Dangers of Tax Refund Anticipation Loans: Why Borrowing Against a Tax Return Can Be a Costly Mistake

A report from the National Consumer Law Center found that refund anticipation loans cost taxpayers an estimated $833 million dollars in loan fees in 2017. Taxpayers also spent an additional $68 million dollars on other fees associated with refund loans and $336 million dollars on financial products related to receiving their refunds. Tax refund anticipation loans are highly profitable for the businesses that issue them but extremely costly for consumers who take advantage of them.

How a Refund Anticipation Loan Works

A refund anticipation loan is essentially a high-interest, short-term loan that is made to consumers based on the estimated amount of their income tax return. Funds are typically either made available via separate bank account set up by the tax office or a prepaid debt card. The loan is extended to the consumer typically for a period of seven to fourteen days and must be repaid when the individual receives his or her income tax refund.

Costs Associated with Tax Refund Loans

The primary cost associated with refund anticipation loans are the interest rates associated with these loans. Interest rates for a refund loan may range from fifty to five hundred percent. Depending on how the tax return is filed, it may take anywhere from two to ten weeks for the refund to be received, during which time the interest may eat away the refund completely.

In addition to the exorbitant interest rates associated with refund loans, there are also a number of potentially hefty fees. Many tax preparers that offer refund anticipation loans charge an upfront processing fee, which may be anywhere from $40 to $100 dollars. If the funds are deposited into a bank account created specifically for that purpose, their is a separate charge for the creation of the bank account, also around $100. If a refund loan is direct deposited onto a prepaid debit card there may be a significant service associated with use of the card.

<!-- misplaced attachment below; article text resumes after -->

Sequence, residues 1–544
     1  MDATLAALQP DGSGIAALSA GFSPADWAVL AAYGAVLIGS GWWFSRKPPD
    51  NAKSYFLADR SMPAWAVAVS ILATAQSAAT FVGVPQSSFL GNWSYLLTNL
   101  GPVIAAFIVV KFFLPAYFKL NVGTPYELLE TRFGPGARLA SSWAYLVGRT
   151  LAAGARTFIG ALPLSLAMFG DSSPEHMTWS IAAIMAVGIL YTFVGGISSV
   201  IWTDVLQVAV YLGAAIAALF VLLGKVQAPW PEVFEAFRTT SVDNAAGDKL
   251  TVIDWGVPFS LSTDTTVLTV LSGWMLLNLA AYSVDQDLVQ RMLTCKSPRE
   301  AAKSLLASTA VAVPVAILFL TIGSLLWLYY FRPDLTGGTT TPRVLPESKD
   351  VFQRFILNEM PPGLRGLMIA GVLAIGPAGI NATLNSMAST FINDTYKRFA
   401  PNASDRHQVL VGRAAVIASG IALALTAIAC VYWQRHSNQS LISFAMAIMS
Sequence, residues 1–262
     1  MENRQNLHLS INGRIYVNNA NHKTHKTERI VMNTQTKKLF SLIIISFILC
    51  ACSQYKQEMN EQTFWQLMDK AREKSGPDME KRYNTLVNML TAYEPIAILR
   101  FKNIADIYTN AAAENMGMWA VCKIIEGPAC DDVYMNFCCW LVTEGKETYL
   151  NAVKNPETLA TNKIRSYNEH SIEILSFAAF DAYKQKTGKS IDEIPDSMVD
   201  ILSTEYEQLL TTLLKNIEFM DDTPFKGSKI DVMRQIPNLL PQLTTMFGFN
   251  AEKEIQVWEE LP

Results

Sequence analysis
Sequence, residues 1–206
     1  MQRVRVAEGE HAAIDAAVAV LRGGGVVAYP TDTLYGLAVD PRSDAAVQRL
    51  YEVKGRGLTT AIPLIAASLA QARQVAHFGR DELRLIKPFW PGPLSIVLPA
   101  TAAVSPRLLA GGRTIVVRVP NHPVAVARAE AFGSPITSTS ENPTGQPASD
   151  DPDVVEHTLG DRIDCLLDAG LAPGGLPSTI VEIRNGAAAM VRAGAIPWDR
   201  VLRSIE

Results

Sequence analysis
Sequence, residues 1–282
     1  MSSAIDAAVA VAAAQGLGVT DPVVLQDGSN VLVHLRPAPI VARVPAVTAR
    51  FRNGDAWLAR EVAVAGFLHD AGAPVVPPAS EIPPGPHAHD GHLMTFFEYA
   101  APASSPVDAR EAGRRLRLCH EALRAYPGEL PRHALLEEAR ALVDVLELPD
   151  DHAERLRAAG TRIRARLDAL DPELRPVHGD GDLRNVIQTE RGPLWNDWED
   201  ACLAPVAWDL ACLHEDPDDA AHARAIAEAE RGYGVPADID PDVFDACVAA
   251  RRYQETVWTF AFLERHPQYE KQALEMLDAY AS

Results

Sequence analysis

Additionally, if the amount of the refund anticipation loan is greater than the amount of the refund, the taxpayer is responsible for repaying the difference, along with any accrued finance charges and/or late fees. Failure to repay the outstanding loan balance may result in the account being reported negatively to the credit bureaus and collection actions against the individual.

Finding a Reputable Refund Anticipation Loan Service

Before opting for a refund anticipation loan, taxpayers are advised to check the accreditation and licensing of the tax preparation service in question. Local offices of the Better Business Bureau are able to provide specific information about local business at no charge to consumers along with a list of certified accountants in the area. Consumer review websites or trade magazines may also provide insight into a particular business’s practices and reputation.

For individuals who are strapped for cash, a refund anticipation loan may make sense if they are willing to sacrifice a sizable portion of their refund. Consumers who can afford to wait for their tax refund should consider using the Internal Revenue Service’s free E-filing process, which can make refunds available in as little as seven to fourteen days.